And back then, I felt that I could best should how grateful I was for all the popcorn balls and Sugar Daddies and those caramels wrapped in orange and black paper, the best way to show my gratitude was to make them last as long as I could. And that’s what I did. Like any good Presbyterian, I didn’t what to indulge myself and to enjoy the candy too much. (I mean, too much joy could be dangerous
and is certainly sinful, right?) And so I’d space it out, with maybe a couple of those little “Mary Janes” or maybe a mini-Snickers each night. And if I played my cards right, I could make that candy last not only through Christmas, but maybe all the way to Easter. Now that’s how I expressed my gratitude.

But my brother, he had an entirely different approach. He showed his appreciation by shoving as much sugar into his system as he could. As a matter of fact, during the days right after Halloween, I don’t think he slept at all, because he was tripping on Pixie Sticks and Smarties. And his eyes were literally glazed over like a Krispy Cream donut. And I remember, his little chocolate stained fingers would shake until he got his next M&M fix. You see, even though we were brothers, how we expressed our gratitude was very different.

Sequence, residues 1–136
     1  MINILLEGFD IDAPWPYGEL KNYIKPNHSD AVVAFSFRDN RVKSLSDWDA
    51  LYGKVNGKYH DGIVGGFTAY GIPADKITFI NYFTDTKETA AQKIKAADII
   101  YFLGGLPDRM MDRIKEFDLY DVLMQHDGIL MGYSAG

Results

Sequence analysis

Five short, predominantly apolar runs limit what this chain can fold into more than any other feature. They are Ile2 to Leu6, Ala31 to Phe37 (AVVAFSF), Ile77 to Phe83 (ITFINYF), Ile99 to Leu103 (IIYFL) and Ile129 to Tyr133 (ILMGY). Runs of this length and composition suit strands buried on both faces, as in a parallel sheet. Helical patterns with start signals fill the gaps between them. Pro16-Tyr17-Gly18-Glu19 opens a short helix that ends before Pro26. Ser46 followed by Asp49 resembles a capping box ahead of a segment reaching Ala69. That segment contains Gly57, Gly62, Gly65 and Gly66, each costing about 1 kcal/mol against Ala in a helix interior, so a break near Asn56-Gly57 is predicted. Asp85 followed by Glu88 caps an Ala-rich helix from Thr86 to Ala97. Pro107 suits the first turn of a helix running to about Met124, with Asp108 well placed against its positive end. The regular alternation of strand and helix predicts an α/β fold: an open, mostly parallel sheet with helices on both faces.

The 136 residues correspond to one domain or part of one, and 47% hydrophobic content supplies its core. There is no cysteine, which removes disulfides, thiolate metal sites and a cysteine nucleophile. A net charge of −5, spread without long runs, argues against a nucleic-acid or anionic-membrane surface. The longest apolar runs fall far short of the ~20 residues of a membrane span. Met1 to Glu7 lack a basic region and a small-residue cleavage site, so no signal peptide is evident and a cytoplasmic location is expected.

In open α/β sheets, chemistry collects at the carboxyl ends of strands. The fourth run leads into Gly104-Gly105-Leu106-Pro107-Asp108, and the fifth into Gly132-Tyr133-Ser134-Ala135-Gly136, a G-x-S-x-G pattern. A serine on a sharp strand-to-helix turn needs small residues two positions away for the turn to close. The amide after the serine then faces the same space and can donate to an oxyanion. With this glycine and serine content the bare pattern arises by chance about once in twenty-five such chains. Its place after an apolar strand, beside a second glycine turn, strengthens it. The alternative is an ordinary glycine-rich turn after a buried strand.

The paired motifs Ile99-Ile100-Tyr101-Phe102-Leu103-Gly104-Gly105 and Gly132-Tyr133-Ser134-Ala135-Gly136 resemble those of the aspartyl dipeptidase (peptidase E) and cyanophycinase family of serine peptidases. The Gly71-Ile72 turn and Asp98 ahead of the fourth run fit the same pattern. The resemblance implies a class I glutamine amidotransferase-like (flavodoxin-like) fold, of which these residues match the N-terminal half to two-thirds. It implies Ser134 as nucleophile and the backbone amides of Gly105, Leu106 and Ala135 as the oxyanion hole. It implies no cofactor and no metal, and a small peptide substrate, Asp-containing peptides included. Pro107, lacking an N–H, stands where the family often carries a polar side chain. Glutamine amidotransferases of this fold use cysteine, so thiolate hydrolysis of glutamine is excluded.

Of course, not all expressions are created equal, especially when we bring God into the equation. As a matter of fact, there are some expressions of appreciation that, when we hear about them, man, they just plain make us kind of uncomfortable, but not because they’re wild or crazy and anything like that. No, they’re just too good and noble and demanding. And you know, I think we got an example of what I’m talking about in the passage we just read from Acts. Now I don’t know about y’all, but this little description makes me really uncomfortable. I mean, outside of the part about how everybody brought all their stuff and laid it at the apostle’s feet, something I actually think that would work, and we should try next week, all this business about there being no private property and everybody having everything in common, and giving to others based on their needs, man, that’s sounds kind of communist to me. And then that example of Barnabas, selling a field and giving away the money, because he was so grateful for what God had already done, well, that makes me really uncomfortable. And I’ll tell you why; for me, the reason is clear. It’s because I’m not going to do it; that’s why it makes me uncomfortable. There’s just no way I’m going to sell everything I have and give the money away. But before you judge me, are you willing to do it? I mean, right now, are you going to sell everything you have, and bring the money to church and so that we give it all to people who are needy? Frankly, I don’t think so.Man, it’s hard enough to get stewardship cards back; I don’t see stocks and bonds flowing in. And just remember there’s truth in that old joke. A $100 bill, a $20 bill and a dollar bill were waiting to be burned, something they do to old currency, and they started taking. And the $100 bill said, “You know, I’ve had a good life. I’ve seen the best restaurants and the best stores and the best hotels.” And then the $20 bill said, “I’ll tell you, I’ve had a pretty good life too, because I’ve seen some pretty good restaurants and stores and hotels.” And then the dollar said, “Well, my life has been incredibly boring. I haven’t been anywhere. All I’ve seen is church, church, church.” Let’s face it, this is one uncomfortable passage.